48K Spectrum

The memory map on a 48K Spectrum is fairly straightforward.

The Z80 processor can address 64KB of RAM; the 48K Spectrum uses all of this address space without paging.

The first 16K is ROM; the rest of the memory map is RAM.

Reserving memory

There are two ways to run machine code on the Spectrum. You can reserve memory for your code and preserve all the system memory areas. That way you can drop back into BASIC after the machine code has completed. Or, you can use all the memory from &5B00 to &FFFF but the only way back to BASIC is with a reset or switching the Spectrum off and on. Games programmers tended to go for the latter option as it gave them the most available RAM.

If you do wish to reserve memory, then issue the command CLEAR n, where n is the last byte you wish to be available to BASIC. So, if you want your machine code to sit at address &8000 in the memory map, then issue the command

CLEAR 32767

We want the last byte of memory available to basic to be just before our code, so (&8000 – 1) is 32767 in decimal. Assemble and load your code into address 32768 and run.


  • The machine code will survive a NEW command, but won’t survive power off
  • It will proportionally reduce the amount of memory available to your BASIC code
  • Yet it is protected from BASIC programs overwriting the machine code

Saving and Loading memory blocks

Back in the day, before emulators, you would have to ensure that your code could load into memory, preserving system variables, so that the BASIC game preloader could execute the RANDOMIZE USR command to execute the machine code.

A simple preloader would be a couple of lines of BASIC like this

10 CLEAR 32767
20 LOAD "gamecode" CODE 32768

Where the LOAD CODE parameter is the address to load the code in memory.

This would be saved, to autorun from line 10, by the command

SAVE "gamename" LINE 10

And the machine code would be saved with a command like this

SAVE "gamecode" CODE 32768,9182

Where the first parameter is the address of the code in memory, and the second the number of bytes to save.

This small BASIC preloader would then autorun, load the file gamecode (which would have been saved on the cassette straight after the preloader) and then execute the machine code with the RANDOMIZE USR command; assuming that the entry point in the machine code was 32768.


  • As a general rule of thumb, machine code is not relocatable (there are the odd exceptions). So if the code is saved from a certain address, say 32768, then it must be loaded back in and executed from the same address.

A whole chapter of history was written about the subject of piracy. There were various attempts to obfuscate the loader code to prevent this. Nearly all anti piracy measures failed the twin tape deck test and those that did succeed just annoyed the users.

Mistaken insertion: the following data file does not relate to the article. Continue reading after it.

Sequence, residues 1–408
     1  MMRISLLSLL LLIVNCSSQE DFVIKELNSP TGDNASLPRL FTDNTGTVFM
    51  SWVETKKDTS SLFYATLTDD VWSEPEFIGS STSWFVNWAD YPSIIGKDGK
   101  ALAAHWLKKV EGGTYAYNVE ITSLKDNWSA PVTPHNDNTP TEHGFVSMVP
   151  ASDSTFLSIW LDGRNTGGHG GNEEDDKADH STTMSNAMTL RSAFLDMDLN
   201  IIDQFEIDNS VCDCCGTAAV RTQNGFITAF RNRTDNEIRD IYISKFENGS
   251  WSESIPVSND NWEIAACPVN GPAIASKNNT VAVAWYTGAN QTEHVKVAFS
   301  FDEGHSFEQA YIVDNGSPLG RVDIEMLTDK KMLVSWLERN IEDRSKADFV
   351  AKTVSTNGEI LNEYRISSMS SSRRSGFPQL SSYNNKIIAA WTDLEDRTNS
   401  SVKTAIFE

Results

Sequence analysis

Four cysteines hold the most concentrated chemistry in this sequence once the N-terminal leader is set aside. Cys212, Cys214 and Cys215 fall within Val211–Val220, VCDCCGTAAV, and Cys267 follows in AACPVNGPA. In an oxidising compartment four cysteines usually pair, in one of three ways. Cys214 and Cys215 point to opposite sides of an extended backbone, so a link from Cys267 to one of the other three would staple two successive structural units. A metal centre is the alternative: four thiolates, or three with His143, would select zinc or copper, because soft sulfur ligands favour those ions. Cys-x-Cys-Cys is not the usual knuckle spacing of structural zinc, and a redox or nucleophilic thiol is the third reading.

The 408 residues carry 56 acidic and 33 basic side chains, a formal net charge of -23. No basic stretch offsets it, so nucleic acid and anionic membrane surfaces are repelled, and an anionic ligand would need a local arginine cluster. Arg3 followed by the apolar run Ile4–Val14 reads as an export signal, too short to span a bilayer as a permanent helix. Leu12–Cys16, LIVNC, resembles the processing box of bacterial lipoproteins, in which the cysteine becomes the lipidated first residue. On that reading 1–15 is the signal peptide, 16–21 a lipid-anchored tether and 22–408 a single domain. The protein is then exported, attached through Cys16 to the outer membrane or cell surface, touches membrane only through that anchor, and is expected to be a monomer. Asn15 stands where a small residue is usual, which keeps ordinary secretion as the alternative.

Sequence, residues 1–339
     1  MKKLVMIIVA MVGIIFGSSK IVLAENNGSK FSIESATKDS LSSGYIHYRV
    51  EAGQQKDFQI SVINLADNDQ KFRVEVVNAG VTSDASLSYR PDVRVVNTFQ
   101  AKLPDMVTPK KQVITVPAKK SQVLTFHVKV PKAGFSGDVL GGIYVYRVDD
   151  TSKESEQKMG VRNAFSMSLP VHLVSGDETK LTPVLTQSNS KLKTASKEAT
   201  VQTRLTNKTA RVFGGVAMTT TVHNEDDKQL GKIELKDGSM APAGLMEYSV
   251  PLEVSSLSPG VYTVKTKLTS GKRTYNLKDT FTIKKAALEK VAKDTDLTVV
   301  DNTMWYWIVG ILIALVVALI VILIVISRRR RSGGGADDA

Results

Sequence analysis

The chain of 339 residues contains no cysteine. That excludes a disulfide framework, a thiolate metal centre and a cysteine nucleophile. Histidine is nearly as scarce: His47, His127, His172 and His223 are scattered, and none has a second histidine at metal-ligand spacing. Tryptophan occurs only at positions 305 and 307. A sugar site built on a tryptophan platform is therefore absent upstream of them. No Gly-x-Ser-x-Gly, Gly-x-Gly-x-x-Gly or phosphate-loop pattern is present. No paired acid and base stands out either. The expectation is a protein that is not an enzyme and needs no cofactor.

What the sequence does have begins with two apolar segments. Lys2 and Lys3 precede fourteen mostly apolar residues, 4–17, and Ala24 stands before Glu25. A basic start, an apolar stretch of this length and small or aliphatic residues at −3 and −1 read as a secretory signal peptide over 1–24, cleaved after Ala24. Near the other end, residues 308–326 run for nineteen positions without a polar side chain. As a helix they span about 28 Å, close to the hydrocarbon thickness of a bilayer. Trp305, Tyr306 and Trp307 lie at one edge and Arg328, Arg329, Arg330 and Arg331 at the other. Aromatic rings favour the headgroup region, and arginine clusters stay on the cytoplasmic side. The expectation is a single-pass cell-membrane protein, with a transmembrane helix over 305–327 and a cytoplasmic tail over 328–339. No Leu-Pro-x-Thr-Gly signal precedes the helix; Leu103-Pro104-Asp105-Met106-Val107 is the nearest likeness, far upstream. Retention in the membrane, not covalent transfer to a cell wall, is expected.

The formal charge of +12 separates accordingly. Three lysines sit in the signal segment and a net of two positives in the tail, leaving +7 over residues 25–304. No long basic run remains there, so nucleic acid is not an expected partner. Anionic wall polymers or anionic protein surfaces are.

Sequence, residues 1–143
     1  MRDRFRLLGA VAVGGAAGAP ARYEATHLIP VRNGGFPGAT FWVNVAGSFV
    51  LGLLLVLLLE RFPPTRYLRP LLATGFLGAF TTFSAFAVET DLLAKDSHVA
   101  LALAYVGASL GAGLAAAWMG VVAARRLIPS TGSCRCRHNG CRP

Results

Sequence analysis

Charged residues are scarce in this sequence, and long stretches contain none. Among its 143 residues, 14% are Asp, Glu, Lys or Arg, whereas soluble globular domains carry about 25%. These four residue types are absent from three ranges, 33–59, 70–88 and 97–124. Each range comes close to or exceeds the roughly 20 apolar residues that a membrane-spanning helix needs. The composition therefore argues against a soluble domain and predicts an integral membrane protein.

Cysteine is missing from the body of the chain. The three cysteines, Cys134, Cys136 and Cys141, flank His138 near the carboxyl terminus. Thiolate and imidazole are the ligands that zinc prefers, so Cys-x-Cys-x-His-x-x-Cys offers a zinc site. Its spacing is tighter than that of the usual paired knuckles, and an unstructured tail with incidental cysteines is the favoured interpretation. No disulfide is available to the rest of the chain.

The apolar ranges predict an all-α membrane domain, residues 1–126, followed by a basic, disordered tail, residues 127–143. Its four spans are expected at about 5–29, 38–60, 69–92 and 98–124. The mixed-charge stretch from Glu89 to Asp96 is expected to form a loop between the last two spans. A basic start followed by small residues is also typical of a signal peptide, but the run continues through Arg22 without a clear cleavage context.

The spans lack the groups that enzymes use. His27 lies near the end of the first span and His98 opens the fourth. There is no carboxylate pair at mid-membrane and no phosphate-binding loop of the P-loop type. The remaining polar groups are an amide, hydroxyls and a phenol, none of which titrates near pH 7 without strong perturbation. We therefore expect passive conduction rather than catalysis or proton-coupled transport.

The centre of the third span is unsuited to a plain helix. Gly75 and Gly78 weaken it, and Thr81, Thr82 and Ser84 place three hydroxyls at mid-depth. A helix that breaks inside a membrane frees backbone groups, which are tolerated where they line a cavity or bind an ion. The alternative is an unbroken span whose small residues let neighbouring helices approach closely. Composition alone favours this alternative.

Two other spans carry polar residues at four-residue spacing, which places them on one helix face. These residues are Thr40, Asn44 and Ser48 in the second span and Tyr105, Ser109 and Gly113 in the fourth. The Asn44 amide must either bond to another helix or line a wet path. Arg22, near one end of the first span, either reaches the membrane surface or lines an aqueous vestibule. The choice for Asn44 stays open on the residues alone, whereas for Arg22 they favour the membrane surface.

Spectrum 128K Toastrack / +2

The 128K Spectrums employ paging to map the extra memory into the 64K Z80 address space.

The memory is paged by writing to port &7FFD.

  • RAM – The RAM bank to page into &C000 to &FFFF
  • SCR – Set to 0 to display normal screen, 1 to display screen in bank 7
  • ROM – Set to 0 to page in the 128K editor, or 1 to page in the 48K BASIC ROM
  • DIS – Set to 1 to disable memory paging until next reset


  • The port is write-only – reading it will just return a floating bus value. This may crash the machine due to a bug in earlier GALs.
  • Setting the screen page determines the area of memory the ULA is looking at to render the screen – it does not page Bank 7 into &4000 to &7FFF.
  • Selecting 48K Spectrum from the startup menu, or using the BASIC command ‘SPECTRUM’ from 128K mode, sets the DIS bit to prevent the extra memory from being accessed. You can however boot into 48K BASIC by typing in ‘RANDOMIZE USR 0’ from 128K BASIC without setting this bit.

Spectrum +2A/+3

The Spectrum motherboard underwent a revision under Amstrad for the +3 to add extra ROM storage for the disk operating system and enhanced RAM paging modes for CP/M. This revised motherboard was rolled back into the cassette version, the black Spectrum +2A.

There is an extra port to control this functionality at &1FFD

  • PRTS – Printer Strobe controls the printer port
  • DSKM – Disk Motor controls the disk drive motor

Bit 0 controls the paging mode. If it is 0 then it is in 128K/+2 compatibility mode, with one difference – bit 4 of port &7FFD is combined with bit 2 of port &1FFD to select between the four ROM images:

If bit 0 of &1FFD is 1, then enhanced paging mode is enabled, with bits 1 and 2 (MEMMODE) selecting between one of four memory map layouts.

These modes are primarly used for CP/M compatibility, that specifies RAM in the first page (256 bytes) of memory which is normally occupied by ROM.

Reserved Banks

On the Spectrum +2A/+3 the following memory blocks are reserved by BASIC / +3DOS:

  • Banks 1, 3, 4, 6: RAM disk and cache
  • Bank 7: Workspace for +3DOS and the editor

Contended Screen Ram

On all Spectrums, the block of RAM between &4000 and &7FFF is contented, that is access to the RAM is shared between the processor and the ULA. The ULA has priority access when the screen is being drawn.

In addition, on 128K variants, some of the banked memory is contended:

  • On 128K/+2 Spectrums, odd-numbered banks (1, 3, 5 and 7)
  • On +2A/+3 Spectrums, banks 4 to 7

This is another GAL bug, the behaviour on later Spectrum 128Ks should have been the same as earlier models.

Code that runs in or accesses contended memory will run slightly slower. For that reason it is recommended that speed critical routines (sprites, scrolling, etc) are not executed in this area of RAM.

Thank you to Brendan Alford for providing additional information on contented memory.